You know you're not in Minnesota when this is the sign that you are scanning the countryside for! It's a distant memory, but the last time I dined on an In-n-Out burger it was delish! Watching Bob savor his Double Double while I snacked on some fries was almost enough to make this girl fall off the vegetarian wagon.

We found Dan as we were checking into our room at Mammoth Mountain Inn, very conveniently located at the foot of Mammoth Mt. and just across the way from Dan's office. It is gorgeous here, and so different from our previous visits in winter. We have done some fun activities and sightseeing, and relaxing a bit this afternoon.

Yesterday morning we rode the gondola to the tippy top of the mountain, not the best place in the world for a scaredy-cat of heights, but the view is heavenly! As long as I ride in the gondola seat that faces in to the mountain and keep some conversation going, it's not half bad! Posing for this picture was anxiety-producing for me, and it was so windy it felt like we could fly right off the top.

For a fun comparison, look at this picture taken 3 years ago, I think, and a picture taken yesterday by the same sign--

Dan took Bob and I for a bike ride on a very nice paved path from town towards Twin Lakes, but it was all uphill and a bit much for my flatlander lungs and legs, so we had to turn back before we got to the lakes. Later Bob and Dan took bikes on the gondola to the top and rode back down to Main Lodge, and Bob has only a few scrapes and bruises to show for it. Mere flesh wounds, nothing to take away from the fact that he accomplished something he had never done before. The mountain is criss-crossed with bike trails and humming with activity even without the snow--well, there is a bit of snow here and there, but not an obstacle to the daredevil bikers.

While they were cruising downhill, I was hiking uphill to Minaret Vista, about a 3 mile round trip. I was glad I forged on up the hills and crossing snowbank remnants, because the view was worth it and I needed to be able to justify my calorie intake last night at our fabulous dinner at The Lakefront Restaurant. We also managed to fit in a beer tasting at the Mammoth Brewery earlier in the day, so we had a very busy and full day. Stayed tuned for more...

Friday, August 12, 2011

one more step

You, my readers, seem to enjoy my pictures of nature in my yard, so here you go--

The flowers and leaves and fruit are like little gems.

I'm nearing the finish line with the Katy quilt, even though I already thought it was done. This bit of the quilting process didn't make itself clear to me until I had finished everything I had planned to do. I had outlined all the flowers and leaves, stitched on the binding and rod pocket, and finally acknowledged that little niggling voice in my head that had been telling me that the yellow border needed some attention. Since the quilt was no longer on the big frame, I decided that the best choice was to add some straight line stitching to help frame up the center design and keep that border flat.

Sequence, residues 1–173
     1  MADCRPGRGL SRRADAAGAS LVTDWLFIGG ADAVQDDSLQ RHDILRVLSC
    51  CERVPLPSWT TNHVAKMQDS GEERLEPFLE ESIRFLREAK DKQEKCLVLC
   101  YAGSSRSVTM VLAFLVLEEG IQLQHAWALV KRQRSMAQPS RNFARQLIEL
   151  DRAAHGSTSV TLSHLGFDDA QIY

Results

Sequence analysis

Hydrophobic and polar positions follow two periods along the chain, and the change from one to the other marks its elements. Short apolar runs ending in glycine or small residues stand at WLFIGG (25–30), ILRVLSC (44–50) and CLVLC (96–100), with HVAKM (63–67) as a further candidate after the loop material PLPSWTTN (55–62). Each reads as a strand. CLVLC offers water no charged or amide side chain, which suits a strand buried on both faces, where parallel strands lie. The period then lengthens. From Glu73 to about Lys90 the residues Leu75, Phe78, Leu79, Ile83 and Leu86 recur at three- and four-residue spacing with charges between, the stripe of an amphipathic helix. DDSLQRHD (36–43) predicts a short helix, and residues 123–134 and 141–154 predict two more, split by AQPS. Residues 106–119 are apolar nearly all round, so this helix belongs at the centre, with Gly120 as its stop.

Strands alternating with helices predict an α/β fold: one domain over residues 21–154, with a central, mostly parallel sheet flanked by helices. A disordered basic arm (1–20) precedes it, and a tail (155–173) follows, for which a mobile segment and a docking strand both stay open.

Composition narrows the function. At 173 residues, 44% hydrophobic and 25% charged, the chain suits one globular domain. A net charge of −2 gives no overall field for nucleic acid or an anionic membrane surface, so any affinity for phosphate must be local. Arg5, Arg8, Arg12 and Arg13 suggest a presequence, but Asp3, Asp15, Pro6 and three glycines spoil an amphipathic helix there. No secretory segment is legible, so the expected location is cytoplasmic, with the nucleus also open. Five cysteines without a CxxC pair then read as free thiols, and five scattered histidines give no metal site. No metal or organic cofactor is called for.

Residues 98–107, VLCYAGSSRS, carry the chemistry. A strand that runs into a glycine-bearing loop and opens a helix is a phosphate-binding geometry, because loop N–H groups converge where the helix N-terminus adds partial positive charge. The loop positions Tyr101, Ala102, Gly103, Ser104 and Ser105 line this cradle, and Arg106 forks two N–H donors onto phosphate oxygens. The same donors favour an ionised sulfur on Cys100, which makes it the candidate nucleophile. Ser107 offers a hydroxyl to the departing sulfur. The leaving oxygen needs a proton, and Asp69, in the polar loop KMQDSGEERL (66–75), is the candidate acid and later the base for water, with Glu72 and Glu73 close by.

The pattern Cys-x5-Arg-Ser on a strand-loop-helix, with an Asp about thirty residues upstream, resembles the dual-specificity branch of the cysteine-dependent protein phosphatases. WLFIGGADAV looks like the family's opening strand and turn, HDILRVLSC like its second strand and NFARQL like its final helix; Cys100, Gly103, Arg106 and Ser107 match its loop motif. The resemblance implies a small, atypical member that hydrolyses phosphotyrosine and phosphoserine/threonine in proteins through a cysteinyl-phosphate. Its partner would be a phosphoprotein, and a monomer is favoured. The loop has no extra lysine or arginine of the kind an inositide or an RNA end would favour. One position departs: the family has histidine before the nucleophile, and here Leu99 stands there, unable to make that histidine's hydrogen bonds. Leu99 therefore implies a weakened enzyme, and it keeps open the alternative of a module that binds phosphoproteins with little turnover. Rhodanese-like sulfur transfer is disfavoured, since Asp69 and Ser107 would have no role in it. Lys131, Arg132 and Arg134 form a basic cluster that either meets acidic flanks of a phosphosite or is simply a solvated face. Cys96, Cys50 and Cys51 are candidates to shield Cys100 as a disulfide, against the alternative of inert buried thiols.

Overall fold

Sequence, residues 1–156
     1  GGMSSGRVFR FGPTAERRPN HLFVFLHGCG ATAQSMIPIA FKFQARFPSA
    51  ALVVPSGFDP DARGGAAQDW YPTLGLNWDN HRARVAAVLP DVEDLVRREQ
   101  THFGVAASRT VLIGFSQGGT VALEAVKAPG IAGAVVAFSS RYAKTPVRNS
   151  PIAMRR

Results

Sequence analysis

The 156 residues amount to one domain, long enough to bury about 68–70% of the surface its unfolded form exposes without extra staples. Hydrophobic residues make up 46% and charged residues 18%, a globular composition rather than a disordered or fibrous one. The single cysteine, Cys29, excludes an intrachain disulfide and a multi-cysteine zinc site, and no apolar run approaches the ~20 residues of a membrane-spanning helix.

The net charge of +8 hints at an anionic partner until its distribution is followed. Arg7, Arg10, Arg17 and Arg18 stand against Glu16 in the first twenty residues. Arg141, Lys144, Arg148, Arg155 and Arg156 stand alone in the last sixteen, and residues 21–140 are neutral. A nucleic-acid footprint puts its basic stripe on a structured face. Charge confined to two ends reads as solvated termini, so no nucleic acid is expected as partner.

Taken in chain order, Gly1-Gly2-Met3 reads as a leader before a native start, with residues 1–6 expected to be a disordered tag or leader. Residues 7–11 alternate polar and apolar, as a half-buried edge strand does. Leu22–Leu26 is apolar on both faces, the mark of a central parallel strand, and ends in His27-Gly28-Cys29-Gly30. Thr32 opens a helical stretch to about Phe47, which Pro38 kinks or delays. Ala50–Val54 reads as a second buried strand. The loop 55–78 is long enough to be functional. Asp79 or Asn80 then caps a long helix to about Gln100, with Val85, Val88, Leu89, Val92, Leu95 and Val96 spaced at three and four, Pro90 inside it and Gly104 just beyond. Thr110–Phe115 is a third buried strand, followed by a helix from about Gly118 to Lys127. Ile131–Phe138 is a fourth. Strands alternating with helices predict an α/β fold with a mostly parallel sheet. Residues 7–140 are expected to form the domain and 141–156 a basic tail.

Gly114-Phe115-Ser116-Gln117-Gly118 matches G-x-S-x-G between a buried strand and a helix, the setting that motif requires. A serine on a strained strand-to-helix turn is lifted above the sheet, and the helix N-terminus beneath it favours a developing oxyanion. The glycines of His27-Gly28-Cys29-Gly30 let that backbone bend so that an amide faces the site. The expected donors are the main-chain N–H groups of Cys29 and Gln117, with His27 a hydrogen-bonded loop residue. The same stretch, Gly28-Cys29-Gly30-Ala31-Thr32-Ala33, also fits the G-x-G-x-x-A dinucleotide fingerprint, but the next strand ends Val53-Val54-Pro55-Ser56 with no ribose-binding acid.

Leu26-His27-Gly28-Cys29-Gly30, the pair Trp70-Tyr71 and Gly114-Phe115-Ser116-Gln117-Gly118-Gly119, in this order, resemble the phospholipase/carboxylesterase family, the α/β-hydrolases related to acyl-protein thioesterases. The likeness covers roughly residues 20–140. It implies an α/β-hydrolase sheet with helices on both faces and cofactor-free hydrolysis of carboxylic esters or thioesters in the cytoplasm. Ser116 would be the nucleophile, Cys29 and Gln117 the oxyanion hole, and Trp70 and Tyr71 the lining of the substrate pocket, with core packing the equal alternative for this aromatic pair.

So trusty Bernina came to the rescue! Five randomly positioned lines were just what the doctor ordered! If you are not a quilter and wonder about that odd looking foot on the machine, that is called a walking foot. It is absolutely necessary for this type of stitching through multiple layers, because it has a mechanism that "walks" along the top layer of fabric just as the feed dogs do underneath the fabric. That keeps the layers moving evenly--another name for the foot is the even feed foot-- and is also what I use when I want to match plaids or stripes. On the left side of the foot is a detachable adjustable guide bar that allows me to use the previously sewn line as a reference for guiding my new sewing line. It is kind of like the row marker on a corn planter, only in reverse, for all you farm girls. The planter row marker extends out to the side of the planter and marks a reference point in the dirt for the next row. Lessons from the farm pop up in the most unexpected places!

I have been outside digging in the dirt all morning, uprooting a heap of violets and yarrow that have multiplied beyond reason in my flower beds. They can be kind of tough to pull, especially to remove as much as possible of the root system. They had overwhelmed some of the other plants, so the thinning out has helped highlight some other nice plants.

This is one section along my front walk, now the walk is covered with everything that I pulled! This is my 3rd session so I finally feel like I am making progress and can see the end. All that bare dirt will need to be mulched and I can start planting and transplanting some other things. See those paver steps on the right? I put those in there probably 18 years ago, and they were completely overgrown so I had even forgotten they were there!